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Cooper-Roell v. Target Corp.

United States District Court, S.D. Texas, Galveston Division

October 29, 2019

HOLLY COOPER-ROELL, Plaintiff,
v.
TARGET CORPORATION, et al, Defendants.

          ORDER

          GEORGE C. HANKS JR. UNITED STATES DISTRICT JUDGE

         Pending before the Court are the plaintiffs motion to remand (Dkt. 49) and the defendants' motion for costs and attorney's fees (Dkt. 65). The plaintiffs motion is GRANTED. The defendants' motion is DENIED. This case is REMANDED to the 122nd District Court of Galveston County, Texas.

         Generally, a defendant may remove to federal court any state court civil action over which the federal court would have original jurisdiction. 28 U.S.C. § 1441(a). Federal courts have original jurisdiction-commonly referred to as "diversity jurisdiction"-over civil actions in which: (1) all persons on one side of the controversy are citizens of different states than all persons on the other side; and (2) the amount in controversy exceeds $75, 000.00, exclusive of interest and costs. 28 U.S.C. § 1332; see also McLaughlin v. Miss. Power Co., 376 F.3d 344, 353 (5th Cir. 2004). Conversely, diversity jurisdiction is absent if any plaintiff in the case is a citizen of the same state as any named defendant, provided all nondiverse defendants have been "properly joined." Smallwood v. Illinois Central Railroad Co., 385 F.3d 568, 572-73 (5th Cir. 2004) (quotation marks omitted). The jurisdictional analysis in this case is straightforward: the plaintiff and one of the defendants, Dedric Wilcott ("Wilcott"), are both from Texas, so this Court lacks diversity jurisdiction and the plaintiffs motion must be granted. See 28 U.S.C. § 1447(c) ("If at any time before final judgment it appears that the district court lacks subject matter jurisdiction, the case shall be remanded.").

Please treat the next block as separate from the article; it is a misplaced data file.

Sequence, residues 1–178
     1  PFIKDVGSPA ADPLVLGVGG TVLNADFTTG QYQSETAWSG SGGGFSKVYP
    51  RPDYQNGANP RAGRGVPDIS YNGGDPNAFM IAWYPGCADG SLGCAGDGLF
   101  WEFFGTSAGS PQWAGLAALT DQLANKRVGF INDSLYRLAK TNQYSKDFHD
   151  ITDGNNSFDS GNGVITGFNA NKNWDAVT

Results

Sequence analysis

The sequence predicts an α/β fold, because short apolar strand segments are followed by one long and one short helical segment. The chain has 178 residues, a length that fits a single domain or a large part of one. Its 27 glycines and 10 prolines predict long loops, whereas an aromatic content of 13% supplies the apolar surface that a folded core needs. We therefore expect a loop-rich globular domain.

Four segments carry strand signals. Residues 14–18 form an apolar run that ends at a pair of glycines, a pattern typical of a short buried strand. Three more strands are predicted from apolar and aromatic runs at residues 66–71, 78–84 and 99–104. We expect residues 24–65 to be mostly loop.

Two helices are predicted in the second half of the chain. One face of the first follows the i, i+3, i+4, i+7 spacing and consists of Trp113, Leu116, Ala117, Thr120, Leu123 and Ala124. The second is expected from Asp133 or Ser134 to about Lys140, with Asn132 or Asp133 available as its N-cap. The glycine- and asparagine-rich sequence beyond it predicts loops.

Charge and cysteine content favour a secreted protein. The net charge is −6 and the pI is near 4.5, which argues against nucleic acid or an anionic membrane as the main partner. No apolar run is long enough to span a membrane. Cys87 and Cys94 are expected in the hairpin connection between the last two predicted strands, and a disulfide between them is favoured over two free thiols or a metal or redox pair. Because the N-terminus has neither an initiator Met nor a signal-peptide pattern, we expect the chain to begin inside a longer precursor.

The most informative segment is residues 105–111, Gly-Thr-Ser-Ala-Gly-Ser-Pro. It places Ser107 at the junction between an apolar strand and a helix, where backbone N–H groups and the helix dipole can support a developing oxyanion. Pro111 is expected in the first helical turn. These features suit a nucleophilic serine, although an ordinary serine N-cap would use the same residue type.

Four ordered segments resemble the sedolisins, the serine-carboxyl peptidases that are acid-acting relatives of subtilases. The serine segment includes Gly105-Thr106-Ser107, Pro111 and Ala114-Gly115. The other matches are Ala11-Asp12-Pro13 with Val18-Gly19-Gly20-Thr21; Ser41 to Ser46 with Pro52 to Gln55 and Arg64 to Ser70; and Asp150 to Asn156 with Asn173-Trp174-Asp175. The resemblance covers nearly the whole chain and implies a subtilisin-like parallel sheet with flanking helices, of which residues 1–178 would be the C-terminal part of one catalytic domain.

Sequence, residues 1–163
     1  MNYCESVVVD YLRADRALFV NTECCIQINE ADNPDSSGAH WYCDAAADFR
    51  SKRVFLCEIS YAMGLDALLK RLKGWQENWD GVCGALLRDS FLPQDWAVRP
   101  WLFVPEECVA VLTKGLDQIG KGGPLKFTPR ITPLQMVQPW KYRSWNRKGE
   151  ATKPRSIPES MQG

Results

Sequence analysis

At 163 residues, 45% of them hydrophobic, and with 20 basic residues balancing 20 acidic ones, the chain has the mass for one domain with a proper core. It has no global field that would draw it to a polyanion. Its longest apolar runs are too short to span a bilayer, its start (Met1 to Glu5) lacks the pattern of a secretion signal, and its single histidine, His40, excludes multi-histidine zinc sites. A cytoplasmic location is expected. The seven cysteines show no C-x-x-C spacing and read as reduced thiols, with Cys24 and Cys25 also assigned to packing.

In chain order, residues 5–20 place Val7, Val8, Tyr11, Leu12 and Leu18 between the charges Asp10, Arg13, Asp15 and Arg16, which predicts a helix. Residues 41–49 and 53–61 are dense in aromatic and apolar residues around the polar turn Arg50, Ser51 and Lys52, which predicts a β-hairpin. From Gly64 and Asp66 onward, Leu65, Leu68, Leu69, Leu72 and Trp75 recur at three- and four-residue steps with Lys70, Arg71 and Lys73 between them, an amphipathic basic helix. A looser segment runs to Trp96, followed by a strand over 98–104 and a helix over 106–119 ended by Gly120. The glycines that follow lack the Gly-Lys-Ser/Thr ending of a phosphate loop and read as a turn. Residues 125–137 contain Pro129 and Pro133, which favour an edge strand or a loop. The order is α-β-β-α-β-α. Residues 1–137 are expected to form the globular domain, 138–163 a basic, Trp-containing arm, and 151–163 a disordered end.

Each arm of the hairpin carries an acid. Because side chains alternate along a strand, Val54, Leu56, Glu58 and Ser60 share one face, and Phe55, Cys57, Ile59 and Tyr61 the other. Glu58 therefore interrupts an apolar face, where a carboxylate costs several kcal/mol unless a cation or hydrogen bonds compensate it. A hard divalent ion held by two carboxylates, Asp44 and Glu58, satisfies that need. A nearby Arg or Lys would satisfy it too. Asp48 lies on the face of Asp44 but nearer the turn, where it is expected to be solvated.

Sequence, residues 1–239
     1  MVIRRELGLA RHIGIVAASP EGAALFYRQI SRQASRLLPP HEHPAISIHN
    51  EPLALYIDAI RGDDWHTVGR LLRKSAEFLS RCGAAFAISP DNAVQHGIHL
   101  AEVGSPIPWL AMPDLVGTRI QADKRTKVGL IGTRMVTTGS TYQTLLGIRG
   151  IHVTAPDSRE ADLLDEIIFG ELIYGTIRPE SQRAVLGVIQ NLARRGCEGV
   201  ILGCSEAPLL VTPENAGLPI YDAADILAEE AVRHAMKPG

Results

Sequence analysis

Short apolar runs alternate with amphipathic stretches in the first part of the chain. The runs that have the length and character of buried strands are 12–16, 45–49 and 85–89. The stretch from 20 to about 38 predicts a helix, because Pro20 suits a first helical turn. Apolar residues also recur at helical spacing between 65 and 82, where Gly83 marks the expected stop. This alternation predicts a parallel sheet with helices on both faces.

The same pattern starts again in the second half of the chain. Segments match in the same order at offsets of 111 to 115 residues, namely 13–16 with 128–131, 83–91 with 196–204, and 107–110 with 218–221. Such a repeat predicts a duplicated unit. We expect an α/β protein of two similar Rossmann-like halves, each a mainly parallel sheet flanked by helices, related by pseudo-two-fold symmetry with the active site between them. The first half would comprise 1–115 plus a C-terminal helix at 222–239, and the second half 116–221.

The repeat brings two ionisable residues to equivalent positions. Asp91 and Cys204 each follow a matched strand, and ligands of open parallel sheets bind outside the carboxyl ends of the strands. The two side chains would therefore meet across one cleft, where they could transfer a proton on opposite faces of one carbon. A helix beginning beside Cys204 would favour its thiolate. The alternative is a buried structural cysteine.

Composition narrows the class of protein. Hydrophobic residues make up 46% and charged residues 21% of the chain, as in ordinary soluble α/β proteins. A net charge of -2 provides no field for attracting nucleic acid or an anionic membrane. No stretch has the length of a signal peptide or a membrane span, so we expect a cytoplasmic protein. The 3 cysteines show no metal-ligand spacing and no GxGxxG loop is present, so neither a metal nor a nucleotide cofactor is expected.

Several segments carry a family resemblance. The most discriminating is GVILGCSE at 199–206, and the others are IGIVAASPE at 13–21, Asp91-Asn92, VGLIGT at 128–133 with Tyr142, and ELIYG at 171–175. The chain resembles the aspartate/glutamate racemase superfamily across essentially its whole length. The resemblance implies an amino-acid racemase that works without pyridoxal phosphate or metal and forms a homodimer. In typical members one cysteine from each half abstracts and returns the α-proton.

However, a review of the docket in this case reveals that the plaintiff is plainly using the motion as a stalling tactic. On October 22, 2018, the plaintiff added Wilcott to this case in her amended complaint. In paragraph 10 of her amended complaint, the plaintiff represented as follows:

         IV. JURISDICTION AND VENUE

         10. Venue and jurisdiction are proper. The relief requested is within the jurisdictional limits of this Court. Defendants either conduct business in Texas or reside in Texas.

         Contrary to the plaintiffs representation, this Court lost jurisdiction over this case when the plaintiff added Wilcott. Nevertheless, Plaintiff waited to file her motion to remand until ten months later, when the Court denied a joint motion to continue the trial date on August 5, 2019.[1] Such a delay is inexcusable, and the timing of the motion can only be explained by the plaintiffs desire to delay the trial of this lawsuit by taking the suit back to state court.